The IMF on Friday praised Pakistan's economic performance and agreed on next steps, paving the way for release of another portion of a $6 billion, three-year loan package.
Once the International Monetary Fund board gives the go ahead, the Washington-based lender will provide $450 million to help right the South Asian nation's economy, on top of the $1 billion released in July.
"Despite a difficult environment, program implementation has been good, and all performance criteria for end-September were met with comfortable margins," IMF mission chief Ernesto Ramirez Rigo said in a statement.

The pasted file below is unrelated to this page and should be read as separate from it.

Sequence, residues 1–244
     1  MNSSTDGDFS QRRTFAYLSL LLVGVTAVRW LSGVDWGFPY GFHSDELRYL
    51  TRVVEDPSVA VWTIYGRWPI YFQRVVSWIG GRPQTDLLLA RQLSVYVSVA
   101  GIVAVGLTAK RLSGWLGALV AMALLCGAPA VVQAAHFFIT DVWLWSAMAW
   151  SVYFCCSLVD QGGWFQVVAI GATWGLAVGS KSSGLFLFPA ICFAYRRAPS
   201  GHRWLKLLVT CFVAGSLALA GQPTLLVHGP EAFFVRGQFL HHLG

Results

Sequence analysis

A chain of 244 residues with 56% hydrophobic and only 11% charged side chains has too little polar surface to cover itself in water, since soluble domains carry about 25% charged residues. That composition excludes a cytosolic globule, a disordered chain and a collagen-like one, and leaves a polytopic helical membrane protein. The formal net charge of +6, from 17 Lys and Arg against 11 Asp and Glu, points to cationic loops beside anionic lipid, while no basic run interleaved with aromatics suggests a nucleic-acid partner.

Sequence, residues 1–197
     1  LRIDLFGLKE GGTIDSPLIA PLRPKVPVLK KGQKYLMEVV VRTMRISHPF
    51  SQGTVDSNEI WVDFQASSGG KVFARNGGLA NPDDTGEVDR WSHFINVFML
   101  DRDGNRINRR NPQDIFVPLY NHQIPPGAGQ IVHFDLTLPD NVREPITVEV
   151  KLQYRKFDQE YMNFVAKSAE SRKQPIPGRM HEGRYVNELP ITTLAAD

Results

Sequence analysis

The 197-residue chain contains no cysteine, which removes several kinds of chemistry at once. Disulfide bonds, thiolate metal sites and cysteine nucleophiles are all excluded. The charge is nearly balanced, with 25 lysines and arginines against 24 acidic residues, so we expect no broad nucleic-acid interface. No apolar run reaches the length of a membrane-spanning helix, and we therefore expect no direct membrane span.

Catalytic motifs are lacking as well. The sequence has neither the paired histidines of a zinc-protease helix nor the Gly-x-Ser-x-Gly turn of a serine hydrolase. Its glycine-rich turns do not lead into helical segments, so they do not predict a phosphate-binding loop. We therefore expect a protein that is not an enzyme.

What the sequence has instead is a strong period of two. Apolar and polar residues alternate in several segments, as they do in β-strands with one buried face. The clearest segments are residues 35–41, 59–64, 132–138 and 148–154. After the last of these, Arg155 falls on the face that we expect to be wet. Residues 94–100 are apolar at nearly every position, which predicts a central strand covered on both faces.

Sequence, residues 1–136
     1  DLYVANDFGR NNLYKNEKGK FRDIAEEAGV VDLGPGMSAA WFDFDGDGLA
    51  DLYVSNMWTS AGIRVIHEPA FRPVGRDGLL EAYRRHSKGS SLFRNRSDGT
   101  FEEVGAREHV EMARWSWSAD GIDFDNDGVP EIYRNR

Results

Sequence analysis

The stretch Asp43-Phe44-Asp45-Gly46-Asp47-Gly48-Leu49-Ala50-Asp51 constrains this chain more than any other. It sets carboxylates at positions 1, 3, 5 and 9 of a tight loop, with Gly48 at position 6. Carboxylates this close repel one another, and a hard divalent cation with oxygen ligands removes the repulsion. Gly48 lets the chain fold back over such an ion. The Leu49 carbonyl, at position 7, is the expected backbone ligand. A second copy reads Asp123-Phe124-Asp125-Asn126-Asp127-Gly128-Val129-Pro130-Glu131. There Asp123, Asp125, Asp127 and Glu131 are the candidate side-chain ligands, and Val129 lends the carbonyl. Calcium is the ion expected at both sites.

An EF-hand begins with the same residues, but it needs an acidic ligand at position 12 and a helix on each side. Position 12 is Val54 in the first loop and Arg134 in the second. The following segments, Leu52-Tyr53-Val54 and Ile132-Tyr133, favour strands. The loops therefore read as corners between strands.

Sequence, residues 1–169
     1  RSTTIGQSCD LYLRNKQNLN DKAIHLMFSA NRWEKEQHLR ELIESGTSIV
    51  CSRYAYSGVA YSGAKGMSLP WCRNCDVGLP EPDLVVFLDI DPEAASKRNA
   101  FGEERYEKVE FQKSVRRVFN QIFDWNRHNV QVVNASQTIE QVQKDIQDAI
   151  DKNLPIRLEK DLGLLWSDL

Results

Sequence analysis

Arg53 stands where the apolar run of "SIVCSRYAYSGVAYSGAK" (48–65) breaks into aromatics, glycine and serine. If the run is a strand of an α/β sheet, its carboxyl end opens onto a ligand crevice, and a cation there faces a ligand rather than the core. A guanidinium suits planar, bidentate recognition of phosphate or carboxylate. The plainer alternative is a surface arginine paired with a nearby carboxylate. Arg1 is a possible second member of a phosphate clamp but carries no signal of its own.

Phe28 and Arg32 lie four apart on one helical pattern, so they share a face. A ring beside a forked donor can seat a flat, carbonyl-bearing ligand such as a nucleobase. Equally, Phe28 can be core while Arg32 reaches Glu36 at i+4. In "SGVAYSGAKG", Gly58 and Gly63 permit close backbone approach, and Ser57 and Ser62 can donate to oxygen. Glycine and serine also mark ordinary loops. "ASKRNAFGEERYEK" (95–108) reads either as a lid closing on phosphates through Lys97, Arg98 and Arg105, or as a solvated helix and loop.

The official, who led a team that spent two weeks in the country, pointed to signs of improving economic stability, including the move to a flexible exchange rate, and slowing inflation that is projected to fall under 12 percent next year.
But he said more work was needed to target money laundering and on terror finance controls.
Approval of the first performance review of Pakistan's policy program will also help unlock "significant funding from bilateral and multilateral partners."
Under the loan program, the government agreed to slash civil expenditure and freeze military spending while promising to substantially raise revenues to stem a yawning fiscal deficit, and pledging to collect 5.5 trillion rupees ($36 billion) in taxes.
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